There are many loopholes in the global supply chain
The diamond industry created the Kimberley Process in 2003 to reassure consumers that their gemstones had not been used to finance conflicts.
But while the Kimberley Process removed some conflict diamonds from the market, many still slip through loopholes along the supply chain, as detailed in the TIME article Blood Diamonds. Another problem is that the Kimberley Process’ narrow definition of “conflict diamond” does not include some of the practices in diamond mining and sale that consumers find troubling, including environmental degradation, child labor, worker exploitation and state-sanctioned violence. That allows for unethically sourced gems to end up in stores in the U.S.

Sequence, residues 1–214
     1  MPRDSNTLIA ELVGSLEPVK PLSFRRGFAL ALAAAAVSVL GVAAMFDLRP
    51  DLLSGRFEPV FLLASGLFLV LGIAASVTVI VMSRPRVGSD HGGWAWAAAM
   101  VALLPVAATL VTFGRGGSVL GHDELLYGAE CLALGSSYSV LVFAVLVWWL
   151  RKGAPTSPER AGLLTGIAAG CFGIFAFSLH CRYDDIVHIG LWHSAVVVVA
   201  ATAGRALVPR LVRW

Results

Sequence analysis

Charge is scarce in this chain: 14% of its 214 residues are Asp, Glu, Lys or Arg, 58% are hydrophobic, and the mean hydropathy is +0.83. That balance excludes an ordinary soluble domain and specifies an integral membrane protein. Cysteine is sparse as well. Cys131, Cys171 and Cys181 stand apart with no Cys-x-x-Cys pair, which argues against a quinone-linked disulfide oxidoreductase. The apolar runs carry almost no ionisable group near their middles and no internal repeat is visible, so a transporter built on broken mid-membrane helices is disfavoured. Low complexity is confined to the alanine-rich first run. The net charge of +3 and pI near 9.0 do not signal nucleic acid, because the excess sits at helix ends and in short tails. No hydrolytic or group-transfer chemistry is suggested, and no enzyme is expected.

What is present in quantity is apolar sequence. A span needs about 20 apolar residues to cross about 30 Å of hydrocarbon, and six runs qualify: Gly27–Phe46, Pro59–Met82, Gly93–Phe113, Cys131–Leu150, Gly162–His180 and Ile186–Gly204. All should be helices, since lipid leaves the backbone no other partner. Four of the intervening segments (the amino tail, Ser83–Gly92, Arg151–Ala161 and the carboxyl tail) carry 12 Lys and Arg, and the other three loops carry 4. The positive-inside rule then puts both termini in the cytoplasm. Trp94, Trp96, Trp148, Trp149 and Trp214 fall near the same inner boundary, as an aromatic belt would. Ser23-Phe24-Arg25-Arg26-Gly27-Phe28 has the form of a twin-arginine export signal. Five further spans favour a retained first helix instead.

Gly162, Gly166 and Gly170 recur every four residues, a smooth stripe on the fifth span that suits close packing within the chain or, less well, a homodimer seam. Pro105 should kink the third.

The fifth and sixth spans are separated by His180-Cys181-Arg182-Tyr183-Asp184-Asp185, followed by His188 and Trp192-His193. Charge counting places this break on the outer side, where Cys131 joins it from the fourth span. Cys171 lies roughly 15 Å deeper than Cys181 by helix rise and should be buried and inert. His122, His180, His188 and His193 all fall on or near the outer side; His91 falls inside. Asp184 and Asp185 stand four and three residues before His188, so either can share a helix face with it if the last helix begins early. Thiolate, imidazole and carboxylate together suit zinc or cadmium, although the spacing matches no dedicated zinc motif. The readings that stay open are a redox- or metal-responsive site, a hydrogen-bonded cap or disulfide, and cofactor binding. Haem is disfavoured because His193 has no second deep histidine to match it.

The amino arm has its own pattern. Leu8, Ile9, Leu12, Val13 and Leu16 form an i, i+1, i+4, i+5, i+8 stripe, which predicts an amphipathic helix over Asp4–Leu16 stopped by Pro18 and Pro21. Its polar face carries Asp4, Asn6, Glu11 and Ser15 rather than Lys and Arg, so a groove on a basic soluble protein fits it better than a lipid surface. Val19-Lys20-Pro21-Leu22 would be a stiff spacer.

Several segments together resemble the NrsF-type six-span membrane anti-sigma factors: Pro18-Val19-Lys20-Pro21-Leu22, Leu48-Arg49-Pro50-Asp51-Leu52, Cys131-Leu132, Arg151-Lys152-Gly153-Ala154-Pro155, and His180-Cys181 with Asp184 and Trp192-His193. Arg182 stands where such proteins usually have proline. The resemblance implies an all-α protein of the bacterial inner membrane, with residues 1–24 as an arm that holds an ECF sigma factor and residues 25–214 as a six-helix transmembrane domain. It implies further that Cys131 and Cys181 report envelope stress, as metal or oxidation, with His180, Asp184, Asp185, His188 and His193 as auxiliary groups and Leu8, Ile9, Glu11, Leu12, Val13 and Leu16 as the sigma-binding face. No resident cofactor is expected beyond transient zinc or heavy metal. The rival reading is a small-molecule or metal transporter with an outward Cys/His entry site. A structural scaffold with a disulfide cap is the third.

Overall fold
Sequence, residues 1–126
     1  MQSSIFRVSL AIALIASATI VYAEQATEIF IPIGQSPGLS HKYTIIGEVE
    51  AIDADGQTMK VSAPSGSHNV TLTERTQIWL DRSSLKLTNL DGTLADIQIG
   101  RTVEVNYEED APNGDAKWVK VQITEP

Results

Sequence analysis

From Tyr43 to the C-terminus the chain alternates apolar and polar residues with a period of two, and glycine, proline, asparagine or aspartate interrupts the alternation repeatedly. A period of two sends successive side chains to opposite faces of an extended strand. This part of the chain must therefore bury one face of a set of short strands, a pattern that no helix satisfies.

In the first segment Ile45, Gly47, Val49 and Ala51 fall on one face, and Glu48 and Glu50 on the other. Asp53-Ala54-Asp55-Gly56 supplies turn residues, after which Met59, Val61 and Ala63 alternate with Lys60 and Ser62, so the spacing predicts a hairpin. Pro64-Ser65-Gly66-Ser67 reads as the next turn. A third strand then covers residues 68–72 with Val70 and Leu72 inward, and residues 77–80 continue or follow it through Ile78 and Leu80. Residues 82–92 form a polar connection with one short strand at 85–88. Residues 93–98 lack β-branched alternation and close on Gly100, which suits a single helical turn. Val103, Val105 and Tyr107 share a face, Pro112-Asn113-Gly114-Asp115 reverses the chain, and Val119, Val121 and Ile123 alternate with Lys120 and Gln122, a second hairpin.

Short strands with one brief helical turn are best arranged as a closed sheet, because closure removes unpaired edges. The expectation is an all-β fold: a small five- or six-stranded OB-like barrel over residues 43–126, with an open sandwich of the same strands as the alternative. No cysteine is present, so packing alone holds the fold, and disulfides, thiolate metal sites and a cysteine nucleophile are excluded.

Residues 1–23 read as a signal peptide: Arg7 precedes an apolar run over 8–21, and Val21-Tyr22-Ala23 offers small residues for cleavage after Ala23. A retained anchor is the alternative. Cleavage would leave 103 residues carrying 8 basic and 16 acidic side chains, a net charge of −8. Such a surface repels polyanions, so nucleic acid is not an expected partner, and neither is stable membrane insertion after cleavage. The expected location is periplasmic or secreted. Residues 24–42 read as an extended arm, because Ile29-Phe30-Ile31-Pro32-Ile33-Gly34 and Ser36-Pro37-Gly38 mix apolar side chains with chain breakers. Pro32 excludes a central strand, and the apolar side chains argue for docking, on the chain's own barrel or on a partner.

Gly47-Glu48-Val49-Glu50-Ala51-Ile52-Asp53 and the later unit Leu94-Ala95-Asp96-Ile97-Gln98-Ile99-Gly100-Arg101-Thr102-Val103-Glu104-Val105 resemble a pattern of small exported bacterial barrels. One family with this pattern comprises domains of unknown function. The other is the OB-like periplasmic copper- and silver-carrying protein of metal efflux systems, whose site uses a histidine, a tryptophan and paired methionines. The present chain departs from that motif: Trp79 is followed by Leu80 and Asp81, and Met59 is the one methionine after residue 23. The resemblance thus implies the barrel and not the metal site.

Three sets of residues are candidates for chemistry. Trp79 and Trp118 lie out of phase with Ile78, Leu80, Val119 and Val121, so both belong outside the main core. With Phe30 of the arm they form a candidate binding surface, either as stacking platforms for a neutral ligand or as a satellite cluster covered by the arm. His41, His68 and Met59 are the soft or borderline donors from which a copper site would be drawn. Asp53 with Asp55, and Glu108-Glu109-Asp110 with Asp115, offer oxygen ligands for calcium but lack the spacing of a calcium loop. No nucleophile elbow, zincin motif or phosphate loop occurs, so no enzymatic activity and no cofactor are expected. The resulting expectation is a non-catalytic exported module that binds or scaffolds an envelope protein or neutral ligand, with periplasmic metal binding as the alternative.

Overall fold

This graphic shows how conflict diamonds can easily become part of the global supply chain:
Read Next: TIME’s Report on Blood Diamonds